Santa, Santa, lest we fall,
What's the greenest tree of all?
Mother Jones magazine recently took up the question as one of its "Econundrums" features. "Real cut evergreens are awfully Christmasy, but isn't it wasteful to grow and then harvest a tree for the express purpose of adding holiday cheer to your hearth?" writes the Econundrist.
"I've thought about going plastic: Fake trees can last for a long time. My friend and her mom have been using the same one since the '80s. And it's very lifelike! On the other hand, it doesn't fill their living room with a piney scent like a cut tree would. Then again, was there ever a better excuse to buy a scented candle?"
Alas, the Econundrist doesn't reach a conclusion, and I'm not surprised. I've seen "studies" of every sort, pushing one kind of tree or the other. The debate seems as never-ending as the diaper one — cloth or disposable?
Here's the Econundrist's brief rundown of the pros and cons:
Cut trees produce oxygen, but require tons of pesticides and herbicides. Meanwhile, 85 percent of fake trees are imported from China, and most are made with PVC, a toxic plastic. Some contain lead.
Fires involving cut Christmas trees cause some $16 million in property damage each year. 13 percent happen in February or later. Many plastic trees are flame retardant, but if you do manage to set one on fire, it will burn very hot and emit toxins such as dioxin.
The cut-tree industry says 93 percent of Christmas trees are recycled through community programs. Fake trees typically come with five-year warranties, but stay in landfills for centuries.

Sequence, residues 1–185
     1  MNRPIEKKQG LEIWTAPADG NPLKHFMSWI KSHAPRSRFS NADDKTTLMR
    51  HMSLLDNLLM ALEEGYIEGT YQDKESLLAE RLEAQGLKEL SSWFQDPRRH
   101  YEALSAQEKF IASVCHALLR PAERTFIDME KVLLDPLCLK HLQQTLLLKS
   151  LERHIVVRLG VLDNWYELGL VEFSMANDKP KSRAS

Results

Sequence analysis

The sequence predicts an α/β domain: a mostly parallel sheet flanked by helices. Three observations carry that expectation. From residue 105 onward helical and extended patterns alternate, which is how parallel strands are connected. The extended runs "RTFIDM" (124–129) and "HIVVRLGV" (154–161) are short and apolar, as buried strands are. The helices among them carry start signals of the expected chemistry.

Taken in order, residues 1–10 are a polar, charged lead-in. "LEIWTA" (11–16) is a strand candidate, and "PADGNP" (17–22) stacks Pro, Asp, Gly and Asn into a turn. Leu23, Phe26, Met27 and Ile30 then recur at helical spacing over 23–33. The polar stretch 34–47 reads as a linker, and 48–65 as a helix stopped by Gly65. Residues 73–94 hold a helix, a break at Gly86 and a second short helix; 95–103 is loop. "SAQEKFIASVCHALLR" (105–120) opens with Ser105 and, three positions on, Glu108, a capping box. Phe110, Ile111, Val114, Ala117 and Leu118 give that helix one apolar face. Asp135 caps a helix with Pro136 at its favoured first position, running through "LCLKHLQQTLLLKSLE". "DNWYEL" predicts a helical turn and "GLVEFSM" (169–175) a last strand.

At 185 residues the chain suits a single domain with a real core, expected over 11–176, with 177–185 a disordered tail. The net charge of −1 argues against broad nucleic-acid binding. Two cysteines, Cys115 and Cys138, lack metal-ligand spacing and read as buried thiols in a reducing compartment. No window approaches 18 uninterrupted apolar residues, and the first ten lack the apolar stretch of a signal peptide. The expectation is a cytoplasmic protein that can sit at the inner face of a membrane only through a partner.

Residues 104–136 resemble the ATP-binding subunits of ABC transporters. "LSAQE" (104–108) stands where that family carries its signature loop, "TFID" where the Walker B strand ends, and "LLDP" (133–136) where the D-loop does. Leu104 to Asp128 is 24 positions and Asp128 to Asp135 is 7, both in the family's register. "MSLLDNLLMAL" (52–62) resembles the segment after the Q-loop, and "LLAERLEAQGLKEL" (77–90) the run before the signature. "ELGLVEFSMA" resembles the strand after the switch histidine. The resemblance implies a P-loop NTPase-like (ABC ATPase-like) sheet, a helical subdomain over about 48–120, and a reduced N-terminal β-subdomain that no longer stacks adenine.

In 2007, the magazine ran a chart comparing real and fake.
Meanwhile, St. Joe's prof Clint Springer has weighed in, saying real trees top plastic because they are basically carbon-neutral. But plastic ones, made from petroleum and destined for the landfill, produce it. Read the MSNBC report here.
Then again, you could buy a live one and plant it afterward, but sometimes they die anyway because they've been inside too long.
Whichever tree you get, make sure the lights are LED instead of incandescent; they use a fraction of the electricity. Most major trees — including the national trees in Washington, Philadelphia's tree, most of the Longwood lighting displays, etc. — have gone LED as well.
Then again, maybe the tree with the greenest lighting is the one erected in Copenhagen's City Hall Square, near where international climate negotiations are taking place. Its white lights come on only when enough passersby pause to pedal one of the stationary bicycles around the tree to generate enough electricity.